CIA head lobbies against death penalty for alleged FBI spy
WASHINGTON (CNN) -- CIA Director George Tenet has personally lobbied Attorney General John Ashcroft several times against seeking the death penalty for accused FBI spy Robert Hanssen, TIME Magazine reports in next week's edition.
Sources told TIME Tenet wants Hanssen, a 25-year veteran of the FBI, to stay alive so that he could be quizzed years down the road if more questions arise about the alleged damage he may have done to U.S. security.
The CIA is also interested in seeking Hanssen's cooperation now -- an effort that probably would be thwarted if the death penalty is sought.
A senior Justice Department official Friday would not comment on whether the death penalty will be sought against Hanssen, who's accused of spying for the Soviet Union and later Russia.
Hanssen, a FBI counterintelligence expert, was seized in a Virginia park in February just minutes after he allegedly left a package under a wooden footbridge. Investigators say the bridge was a "dead drop" site for delivering secret documents to his Russian handlers.
Prosecutors allege Hanssen was paid $1.4 million in cash and diamonds for his activities.
Talks on a possible plea bargain between Hanssen's lawyers and the Justice Department broke down Tuesday after government officials refused to take the death penalty off the table.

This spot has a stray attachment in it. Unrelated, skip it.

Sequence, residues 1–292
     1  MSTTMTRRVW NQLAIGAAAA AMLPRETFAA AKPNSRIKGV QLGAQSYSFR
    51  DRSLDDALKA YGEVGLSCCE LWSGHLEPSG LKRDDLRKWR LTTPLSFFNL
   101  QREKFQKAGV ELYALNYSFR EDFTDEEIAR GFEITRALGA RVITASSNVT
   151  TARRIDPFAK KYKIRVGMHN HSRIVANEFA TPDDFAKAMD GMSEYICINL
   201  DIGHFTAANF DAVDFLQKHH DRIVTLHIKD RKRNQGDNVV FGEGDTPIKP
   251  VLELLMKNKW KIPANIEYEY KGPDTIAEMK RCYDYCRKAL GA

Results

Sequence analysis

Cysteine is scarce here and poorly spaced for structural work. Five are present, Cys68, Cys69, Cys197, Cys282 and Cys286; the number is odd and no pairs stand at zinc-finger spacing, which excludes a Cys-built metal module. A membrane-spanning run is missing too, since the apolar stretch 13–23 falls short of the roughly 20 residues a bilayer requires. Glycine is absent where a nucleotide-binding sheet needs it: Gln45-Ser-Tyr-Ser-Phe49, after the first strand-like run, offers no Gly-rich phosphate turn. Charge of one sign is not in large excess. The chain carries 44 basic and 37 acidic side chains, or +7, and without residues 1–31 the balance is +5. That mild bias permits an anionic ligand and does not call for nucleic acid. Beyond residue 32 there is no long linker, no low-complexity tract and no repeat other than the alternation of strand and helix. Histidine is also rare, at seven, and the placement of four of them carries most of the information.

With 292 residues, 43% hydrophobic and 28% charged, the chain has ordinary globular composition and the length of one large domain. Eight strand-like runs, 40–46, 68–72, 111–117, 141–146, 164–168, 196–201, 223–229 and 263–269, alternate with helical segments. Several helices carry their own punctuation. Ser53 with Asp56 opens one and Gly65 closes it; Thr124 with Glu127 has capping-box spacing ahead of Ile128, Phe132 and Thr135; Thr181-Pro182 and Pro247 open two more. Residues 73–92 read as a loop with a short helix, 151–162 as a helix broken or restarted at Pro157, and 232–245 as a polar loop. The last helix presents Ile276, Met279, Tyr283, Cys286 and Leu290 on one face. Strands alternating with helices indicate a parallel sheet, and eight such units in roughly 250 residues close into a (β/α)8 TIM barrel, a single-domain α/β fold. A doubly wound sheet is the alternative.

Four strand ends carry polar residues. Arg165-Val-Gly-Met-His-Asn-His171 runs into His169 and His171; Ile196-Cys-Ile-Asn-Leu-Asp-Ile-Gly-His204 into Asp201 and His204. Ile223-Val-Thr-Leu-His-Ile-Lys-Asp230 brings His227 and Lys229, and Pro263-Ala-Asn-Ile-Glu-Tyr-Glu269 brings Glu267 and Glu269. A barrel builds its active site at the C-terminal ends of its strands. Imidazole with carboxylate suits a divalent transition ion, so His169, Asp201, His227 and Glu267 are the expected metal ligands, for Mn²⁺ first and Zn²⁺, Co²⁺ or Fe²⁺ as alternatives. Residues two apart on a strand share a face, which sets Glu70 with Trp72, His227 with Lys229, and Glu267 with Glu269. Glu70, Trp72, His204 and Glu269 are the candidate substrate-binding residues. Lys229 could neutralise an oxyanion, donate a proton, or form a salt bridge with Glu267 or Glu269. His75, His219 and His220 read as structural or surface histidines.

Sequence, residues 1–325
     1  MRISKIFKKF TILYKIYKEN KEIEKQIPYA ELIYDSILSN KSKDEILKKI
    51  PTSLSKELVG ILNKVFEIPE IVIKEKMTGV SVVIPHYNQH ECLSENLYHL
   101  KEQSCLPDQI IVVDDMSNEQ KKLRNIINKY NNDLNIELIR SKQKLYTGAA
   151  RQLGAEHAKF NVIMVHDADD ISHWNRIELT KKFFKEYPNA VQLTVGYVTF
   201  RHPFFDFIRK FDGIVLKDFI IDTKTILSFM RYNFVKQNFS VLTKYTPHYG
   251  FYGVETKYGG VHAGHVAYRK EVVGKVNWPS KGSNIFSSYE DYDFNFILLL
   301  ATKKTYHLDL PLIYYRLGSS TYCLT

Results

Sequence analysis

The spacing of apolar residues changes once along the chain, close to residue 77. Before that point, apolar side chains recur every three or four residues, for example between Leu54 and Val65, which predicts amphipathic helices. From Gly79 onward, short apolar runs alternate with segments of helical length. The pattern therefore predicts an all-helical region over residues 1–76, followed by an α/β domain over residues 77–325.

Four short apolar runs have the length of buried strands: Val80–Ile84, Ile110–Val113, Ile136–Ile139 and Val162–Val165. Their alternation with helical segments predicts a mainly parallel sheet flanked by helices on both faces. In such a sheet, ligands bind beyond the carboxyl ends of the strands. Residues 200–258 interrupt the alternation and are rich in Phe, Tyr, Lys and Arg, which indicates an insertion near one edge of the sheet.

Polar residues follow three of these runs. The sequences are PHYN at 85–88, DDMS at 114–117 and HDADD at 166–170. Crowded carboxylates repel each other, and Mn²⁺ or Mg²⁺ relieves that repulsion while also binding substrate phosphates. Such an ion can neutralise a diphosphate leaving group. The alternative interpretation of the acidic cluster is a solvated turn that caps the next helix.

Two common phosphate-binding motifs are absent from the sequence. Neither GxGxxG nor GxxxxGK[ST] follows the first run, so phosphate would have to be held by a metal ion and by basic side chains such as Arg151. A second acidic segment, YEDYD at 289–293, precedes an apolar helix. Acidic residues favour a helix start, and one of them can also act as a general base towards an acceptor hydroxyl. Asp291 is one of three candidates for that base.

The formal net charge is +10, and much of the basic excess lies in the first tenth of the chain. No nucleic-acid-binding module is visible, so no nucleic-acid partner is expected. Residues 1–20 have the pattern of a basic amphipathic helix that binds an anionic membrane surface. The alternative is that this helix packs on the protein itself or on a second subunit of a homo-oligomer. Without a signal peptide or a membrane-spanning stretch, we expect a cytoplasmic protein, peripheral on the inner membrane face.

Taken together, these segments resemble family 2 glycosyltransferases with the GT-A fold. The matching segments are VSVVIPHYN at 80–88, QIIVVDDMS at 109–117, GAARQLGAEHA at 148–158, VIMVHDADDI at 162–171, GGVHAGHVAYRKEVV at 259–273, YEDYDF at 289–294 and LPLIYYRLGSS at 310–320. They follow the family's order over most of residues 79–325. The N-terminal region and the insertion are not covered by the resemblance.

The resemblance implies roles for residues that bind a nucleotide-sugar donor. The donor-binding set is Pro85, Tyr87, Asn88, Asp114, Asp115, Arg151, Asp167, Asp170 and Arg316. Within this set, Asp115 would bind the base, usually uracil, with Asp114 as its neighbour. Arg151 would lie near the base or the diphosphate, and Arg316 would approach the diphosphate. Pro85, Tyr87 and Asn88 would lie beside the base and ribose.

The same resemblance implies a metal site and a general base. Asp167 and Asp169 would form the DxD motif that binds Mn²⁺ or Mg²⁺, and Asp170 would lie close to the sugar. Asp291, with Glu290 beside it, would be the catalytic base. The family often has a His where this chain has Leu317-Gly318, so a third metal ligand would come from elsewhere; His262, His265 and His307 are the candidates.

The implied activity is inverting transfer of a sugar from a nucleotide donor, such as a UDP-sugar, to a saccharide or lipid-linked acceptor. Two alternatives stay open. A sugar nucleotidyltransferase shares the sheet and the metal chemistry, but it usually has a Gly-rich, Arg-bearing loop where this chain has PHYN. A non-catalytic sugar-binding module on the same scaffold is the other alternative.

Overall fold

Hanssen was indicted Wednesday on 21 counts of espionage.
U.S. Attorney Ken Melson said the charges cover acts over 15 years in which Hanssen "betrayed his country" by passing information to what had been a Cold War enemy of the United States.
Death penalty charges
He said that 14 of the 21 charges in the indictment are "capital eligible" which could result in the death penalty.
The death penalty charges come into play because of deaths that may have resulted from the information Hanssen allegedly passed to his handlers.
FBI officials said Hanssen may have allowed the Russians to cross-check and confirm the names of U.S. intelligence agents supplied to them by Aldrich Ames, a CIA employee arrested in 1997 and convicted of spying for the Russians. At least 10 of the agents fingered by Ames were executed.
Hanssen's alleged actions led to the executions of two agents, according to the indictment.
One official told CNN there is an internal debate among some senior officials in the Justice Department about whether the death penalty is even valid in this case, since some of the alleged activities of Hanssen occurred while there was no valid federal death penalty provision.
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